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NCA Leads Global Shylock Malware Takedown

Shylock is the trojan's namesake because its code contains excerpts from Shakespeare's "The Merchant of Venice"
Shylock is the trojan's namesake because its code contains excerpts from Shakespeare's "The Merchant of Venice"

A major takedown of the Shylock Trojan botnet by global law enforcement has disrupted the core of an advanced cybercriminal infrastructure attacking online banking systems around the world.

Shylock – so-called because its code contains excerpts from Shakespeare's The Merchant of Venice – has infected at least 30,000 computers running Microsoft Windows worldwide, according to Europol. Intelligence suggests that Shylock targets the UK more than any other country; nevertheless the US, Italy and Turkey are also being targeted by the malicious code. It is thought that the suspected developers are based elsewhere.

Victims are typically infected by clicking on malicious links, and then persuaded to download and run the malware. Shylock will then seek to access funds held in business or personal bank accounts, and transfer them to the criminal controllers.

Investigative actions were undertaken from the operational center at the European Cybercrime Centre (EC3) at Europol in The Hague. In early July, law enforcement agencies seized the servers that form the command and control system for the trojan, and took control of the domains Shylock uses for communication between infected computers. During the action, several previously unknown parts of the infrastructure were discovered and follow-up actions could be initiated immediately, set-up and coordinated from the operational center.

The operation, coordinated by the UK National Crime Agency (NCA), brought together partners from the law enforcement and private sectors, including Europol, the FBI, BAE Systems Applied Intelligence, Dell SecureWorks, Kaspersky Lab and the UK's GCHQ.

"The European Cybercrime Centre (EC3) is very happy about this operation against sophisticated malware, playing a crucial role in the work to take down the criminal infrastructure,” said Troels Oerting, head of EC3 at Europol, in a statement. “EC3 has provided a unique platform and operational rooms equipped with state-of-the-art technical infrastructure and secure communication means, as well as cyber-analysts and cyber-experts".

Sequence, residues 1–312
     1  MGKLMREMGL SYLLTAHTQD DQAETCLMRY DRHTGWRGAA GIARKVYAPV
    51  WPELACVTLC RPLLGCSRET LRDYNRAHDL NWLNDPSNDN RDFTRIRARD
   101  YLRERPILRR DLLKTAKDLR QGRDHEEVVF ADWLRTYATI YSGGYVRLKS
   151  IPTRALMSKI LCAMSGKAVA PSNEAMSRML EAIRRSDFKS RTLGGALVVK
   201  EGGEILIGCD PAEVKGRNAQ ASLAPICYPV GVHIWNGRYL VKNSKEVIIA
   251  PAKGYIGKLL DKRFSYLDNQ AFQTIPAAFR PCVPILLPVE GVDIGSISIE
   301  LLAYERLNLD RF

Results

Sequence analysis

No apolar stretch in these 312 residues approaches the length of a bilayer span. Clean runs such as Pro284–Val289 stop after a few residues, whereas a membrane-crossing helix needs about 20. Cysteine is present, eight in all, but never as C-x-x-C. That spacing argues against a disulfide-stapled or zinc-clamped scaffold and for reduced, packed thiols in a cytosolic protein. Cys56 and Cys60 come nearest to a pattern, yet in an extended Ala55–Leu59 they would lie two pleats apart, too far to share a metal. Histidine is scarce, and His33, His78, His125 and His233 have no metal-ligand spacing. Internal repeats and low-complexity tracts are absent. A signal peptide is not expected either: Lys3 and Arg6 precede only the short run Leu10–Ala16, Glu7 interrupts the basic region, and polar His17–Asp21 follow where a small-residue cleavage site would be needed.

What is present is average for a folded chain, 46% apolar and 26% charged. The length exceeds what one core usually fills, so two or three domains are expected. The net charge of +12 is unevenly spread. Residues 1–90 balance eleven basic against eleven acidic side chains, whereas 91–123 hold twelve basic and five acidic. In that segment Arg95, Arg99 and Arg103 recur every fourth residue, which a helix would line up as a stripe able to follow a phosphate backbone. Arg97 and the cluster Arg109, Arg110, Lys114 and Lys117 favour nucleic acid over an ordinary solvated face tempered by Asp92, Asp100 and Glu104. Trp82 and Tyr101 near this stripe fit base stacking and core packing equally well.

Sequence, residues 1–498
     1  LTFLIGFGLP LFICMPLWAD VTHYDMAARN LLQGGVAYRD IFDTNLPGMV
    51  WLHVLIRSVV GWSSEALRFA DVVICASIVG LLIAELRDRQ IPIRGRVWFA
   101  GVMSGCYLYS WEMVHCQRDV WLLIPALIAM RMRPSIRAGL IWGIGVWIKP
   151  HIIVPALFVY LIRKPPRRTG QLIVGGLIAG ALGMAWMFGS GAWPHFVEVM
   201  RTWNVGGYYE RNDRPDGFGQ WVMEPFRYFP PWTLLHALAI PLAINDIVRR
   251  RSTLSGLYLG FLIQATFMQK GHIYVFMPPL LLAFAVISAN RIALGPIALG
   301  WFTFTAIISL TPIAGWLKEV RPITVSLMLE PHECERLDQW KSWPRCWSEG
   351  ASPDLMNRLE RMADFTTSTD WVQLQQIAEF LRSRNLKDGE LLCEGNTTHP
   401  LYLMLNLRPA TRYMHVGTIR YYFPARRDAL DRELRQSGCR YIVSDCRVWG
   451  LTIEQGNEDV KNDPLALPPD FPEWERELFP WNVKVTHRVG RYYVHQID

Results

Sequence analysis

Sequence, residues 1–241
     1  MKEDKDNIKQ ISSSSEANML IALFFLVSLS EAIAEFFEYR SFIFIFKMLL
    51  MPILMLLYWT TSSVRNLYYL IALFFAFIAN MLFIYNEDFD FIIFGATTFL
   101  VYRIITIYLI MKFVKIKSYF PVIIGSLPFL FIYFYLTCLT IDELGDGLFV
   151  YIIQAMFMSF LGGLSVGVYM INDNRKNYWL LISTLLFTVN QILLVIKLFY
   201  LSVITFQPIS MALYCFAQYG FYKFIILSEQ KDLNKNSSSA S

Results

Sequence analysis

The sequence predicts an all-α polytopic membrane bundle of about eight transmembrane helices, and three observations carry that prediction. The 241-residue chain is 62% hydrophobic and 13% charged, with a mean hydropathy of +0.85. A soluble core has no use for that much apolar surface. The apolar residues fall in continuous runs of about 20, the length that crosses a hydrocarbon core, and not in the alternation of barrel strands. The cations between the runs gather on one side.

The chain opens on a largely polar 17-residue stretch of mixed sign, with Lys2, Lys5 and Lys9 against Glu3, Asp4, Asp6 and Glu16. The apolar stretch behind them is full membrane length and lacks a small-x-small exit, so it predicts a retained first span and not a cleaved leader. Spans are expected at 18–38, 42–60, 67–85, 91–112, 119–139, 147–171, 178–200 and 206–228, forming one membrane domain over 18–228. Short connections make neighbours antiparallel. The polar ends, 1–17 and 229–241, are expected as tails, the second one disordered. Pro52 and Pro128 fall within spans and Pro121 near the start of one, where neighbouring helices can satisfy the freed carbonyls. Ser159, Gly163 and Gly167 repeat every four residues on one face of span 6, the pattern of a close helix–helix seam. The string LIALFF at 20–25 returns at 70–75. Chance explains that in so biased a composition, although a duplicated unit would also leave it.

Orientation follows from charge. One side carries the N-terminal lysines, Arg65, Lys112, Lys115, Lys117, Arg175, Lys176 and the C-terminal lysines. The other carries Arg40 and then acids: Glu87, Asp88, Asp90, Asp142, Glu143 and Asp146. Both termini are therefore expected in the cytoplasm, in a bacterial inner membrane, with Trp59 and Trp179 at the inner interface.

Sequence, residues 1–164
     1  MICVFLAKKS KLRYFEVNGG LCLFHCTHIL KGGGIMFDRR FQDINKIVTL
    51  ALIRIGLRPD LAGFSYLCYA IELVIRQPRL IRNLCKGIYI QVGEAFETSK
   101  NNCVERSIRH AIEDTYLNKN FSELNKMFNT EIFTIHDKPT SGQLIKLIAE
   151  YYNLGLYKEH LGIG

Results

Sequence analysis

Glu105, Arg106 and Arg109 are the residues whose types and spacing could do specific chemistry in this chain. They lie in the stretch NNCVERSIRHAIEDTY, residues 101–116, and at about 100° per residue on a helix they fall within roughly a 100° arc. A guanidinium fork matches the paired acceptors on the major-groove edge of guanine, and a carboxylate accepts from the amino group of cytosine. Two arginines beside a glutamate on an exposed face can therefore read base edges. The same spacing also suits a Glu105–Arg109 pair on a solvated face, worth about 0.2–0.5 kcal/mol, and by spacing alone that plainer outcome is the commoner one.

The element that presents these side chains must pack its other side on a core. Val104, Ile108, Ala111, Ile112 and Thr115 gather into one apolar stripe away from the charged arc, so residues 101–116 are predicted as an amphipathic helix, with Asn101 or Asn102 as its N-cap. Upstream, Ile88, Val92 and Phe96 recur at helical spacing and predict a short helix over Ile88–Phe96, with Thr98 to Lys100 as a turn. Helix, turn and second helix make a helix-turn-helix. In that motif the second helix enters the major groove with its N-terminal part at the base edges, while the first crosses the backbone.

Investigators from the NCA, the FBI, Italy, the Netherlands and Turkey gathered to coordinate action in their respective countries, in concert with counterparts in Germany, France and Poland. Coordination through Europol was instrumental, and CERT-EU participated in the takedown and distributed information on the malicious domains to their peers.

"It has been a pleasure for me to see the international cooperation between police officers and prosecutors from many countries, and we have again tested our improved ability to rapidly react to cyber threats in or outside the EU,” Oerting said. “It's another step in the right direction for law enforcement and prosecutors in the EU and I thank all involved for their huge commitment and dedication. A specific thanks goes to Kaspersky Lab who have contributed significantly to the successful outcome of the operation – and our cooperation continues to grow in this and future cases."

Sergey Golovanov, principal security researcher at Kaspersky Lab, who provided the threat intelligence service and tracked the malware activity within the global operation, noted that banking fraud campaigns are no longer one-off cases; rather, there has been a significant rise in these kinds of malicious operations.Just in 2013, the number of cyber-attacks involving malware designed to steal financial data increased by 27.6% to reach 28.4 million.

“To fight cybercrime, we provide threat intelligence to law enforcement agencies all over the world and cooperate with international organizations such as Europol,” Golovanov said, in a statement. “Global action brings positive results – an example being the operation targeting Shylock malware.”

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